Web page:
Things we can't recover
It is said there are five things you can't recover.
One of them is the word after it's said.
A few months ago, a woman said some caustic words about a man she had known for a long time.
The words were hurtful, with a false innuendo. But, once said, they couldn't be recalled.
Those words spread like wildfire, causing friction among a group of people who were divided. They took sides.
The hostile words hurt both sides, but especially the person who was the brunt of the words.
Today those words cast a pall over all the people involved.
Some people are no longer speaking to each other. Yes, someday, forgiveness may come for those involved.
But the words will never be recalled.
Probably never forgotten.
Words can also have a good, far reaching effect.
Proverbs 25:11 says, "A word aptly spoken is like apples of gold in settings of silver."
A woman who now holds a state office in a women's organization told me a story that illustrates what an aptly spoken word can do.
She attended a Sunday School class where there were eight or nine women who attended.
Each Sunday they would take turns reading the scripture lesson from the Bible.
She always nodded to bypass her. She didn't want to read out loud. She was timid, but nice.
One of the ladies encouraged her to read a scripture one Sunday morning. So she did. There were a couple of biblical names that were hard to pronounce but she managed to struggle through them. She faltered as she read but when she finished, everyone smiled at her.
It became easier for her to "take her turn," although she read slowly and haltingly.
The lady who had encouraged her to read that first scripture continued to encourage the classmate. She encouraged her to speak out and join in the class discussion, to express her own views from time to time. And, slowly, she did just that. She joined the church and became a strong supporter; a faithful member.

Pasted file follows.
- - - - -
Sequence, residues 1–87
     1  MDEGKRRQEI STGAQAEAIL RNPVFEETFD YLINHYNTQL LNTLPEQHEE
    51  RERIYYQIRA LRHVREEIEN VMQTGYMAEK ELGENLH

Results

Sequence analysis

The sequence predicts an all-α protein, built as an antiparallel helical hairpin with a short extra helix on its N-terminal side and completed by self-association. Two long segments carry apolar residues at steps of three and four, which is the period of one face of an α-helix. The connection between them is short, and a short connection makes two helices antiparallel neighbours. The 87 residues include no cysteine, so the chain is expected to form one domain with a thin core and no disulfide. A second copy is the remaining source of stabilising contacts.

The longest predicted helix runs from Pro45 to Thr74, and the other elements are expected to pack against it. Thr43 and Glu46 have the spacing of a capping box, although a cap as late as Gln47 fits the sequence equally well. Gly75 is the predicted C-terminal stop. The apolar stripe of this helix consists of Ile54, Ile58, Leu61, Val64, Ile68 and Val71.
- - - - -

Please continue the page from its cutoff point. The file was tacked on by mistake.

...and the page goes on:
It was years later that the two women met at a church gathering. They now lived towns apart.
The woman who had been so shy was stylishly dressed and beamed with confidence.
She approached the former classmate who had encouraged her to speak out. They hugged and exchanged pleasantries.
"Remember when you encouraged me in Sunday School," she said. "You'll never know how much your words meant to me."
She explained that she had dyslexia and feared reading aloud. She somehow thought that made her inferior and she became withdrawn in gatherings. "I can't believe how far I've come."
She told that recently she had been one of the speakers at a state convention.
"I never thought I'd ever be doing a thing like that," she said. "I was nervous but I did it, and I was told I did a good job."
The woman had started out on a community level, then progressed to the county level, then to state.
It was an accomplishment she never dreamed was possible when she sat in that Sunday School classroom years before.
"I owe it to you," she told her friend, who had no idea that her words, spoken so long ago, had such an influence.
But it is true that words can have influence.
But they can't be recovered.
What are the other four things that can't be recovered?
...the stone after it's thrown.
...the occasion after it's missed
.. the time after it's gone.
...the person after they die.